The common belief that pregnant women can eat for two has been scotched by research suggesting controlling weight during pregnancy can be beneficial.
Experts found that weight management was not only safe but could also reduce complications for pregnant women and be advantageous to the baby.
The risk of pre-eclampsia - which causes high blood pressure - diabetes and premature birth can all be reduced if the mother-to-be sticks to a healthy, calorie-controlled diet, the study published on bmj.com found.
In contrast, excessive weight gain during pregnancy was linked to a number of serious health problems.
But Child Growth Foundation chairman Tam Fry stressed that pregnant women should be carefully controlling their weight but not trying to lose weight.
"We have such a huge problem of women going into pregnancy overweight and obese and if they start to take the message they can go on diets and everything will be ok, that's not good news," he said.
In the UK, more than half of women of reproductive age are said to be overweight or obese, and across Europe and the US up to 40 per cent of women gain more than the recommended weight in pregnancy.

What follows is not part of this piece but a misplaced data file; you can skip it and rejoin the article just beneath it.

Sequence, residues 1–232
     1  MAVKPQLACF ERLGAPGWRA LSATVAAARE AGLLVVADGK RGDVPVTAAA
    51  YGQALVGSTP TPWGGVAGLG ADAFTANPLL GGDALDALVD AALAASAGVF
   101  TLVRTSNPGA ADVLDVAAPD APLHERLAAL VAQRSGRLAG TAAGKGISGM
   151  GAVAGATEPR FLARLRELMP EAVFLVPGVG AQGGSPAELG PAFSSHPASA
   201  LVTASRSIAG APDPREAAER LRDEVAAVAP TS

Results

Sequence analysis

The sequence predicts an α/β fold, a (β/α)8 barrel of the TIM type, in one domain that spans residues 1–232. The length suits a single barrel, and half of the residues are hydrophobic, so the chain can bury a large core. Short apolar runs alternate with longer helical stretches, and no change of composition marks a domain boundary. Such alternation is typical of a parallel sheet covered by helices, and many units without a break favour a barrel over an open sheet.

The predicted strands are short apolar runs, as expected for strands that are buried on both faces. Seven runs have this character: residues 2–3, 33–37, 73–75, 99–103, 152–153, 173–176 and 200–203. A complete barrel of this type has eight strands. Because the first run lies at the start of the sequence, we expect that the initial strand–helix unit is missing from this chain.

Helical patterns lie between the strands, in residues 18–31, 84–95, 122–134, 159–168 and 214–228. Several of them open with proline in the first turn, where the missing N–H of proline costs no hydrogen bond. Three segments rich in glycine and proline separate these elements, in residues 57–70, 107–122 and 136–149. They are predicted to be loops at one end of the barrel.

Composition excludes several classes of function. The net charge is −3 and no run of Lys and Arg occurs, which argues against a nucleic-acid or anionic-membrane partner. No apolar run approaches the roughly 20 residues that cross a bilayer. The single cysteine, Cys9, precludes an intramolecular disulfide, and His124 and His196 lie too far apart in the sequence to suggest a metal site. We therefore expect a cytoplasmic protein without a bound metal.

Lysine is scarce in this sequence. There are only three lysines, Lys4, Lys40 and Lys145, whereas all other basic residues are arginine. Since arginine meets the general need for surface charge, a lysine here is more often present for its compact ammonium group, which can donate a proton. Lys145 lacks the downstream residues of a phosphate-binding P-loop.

But the team of researchers from Queen Mary, University of London, who carried out the study found weight management interventions in pregnancy were effective in reducing weight gain in the mother.
Dietary intervention resulted in the largest average reduction in weight gain (almost 4kg) compared with 0.7kg for exercise and 1kg for a combination of the two.
Diet also offered the most benefit in preventing pregnancy complications, the study found.
Researchers concluded: "Dietary intervention is effective, safe and potentially cost effective and dominates physical activity-based intervention."
Experts at St Thomas' Hospital in London, meanwhile, suggested there was not yet sufficient evidence to support any particular intervention.
Lucilla Poston, director of the maternal and fetal research unit, and Lucy Chappell, clinical senior lecturer in maternal and fetal medicine, said it would be "premature" for the National Institute for Health and Clinical Excellence to reassess its guidelines, which do not advise regular weighing of pregnant women.
The researchers analysed the results of 44 randomised controlled trials involving more than 7000 women.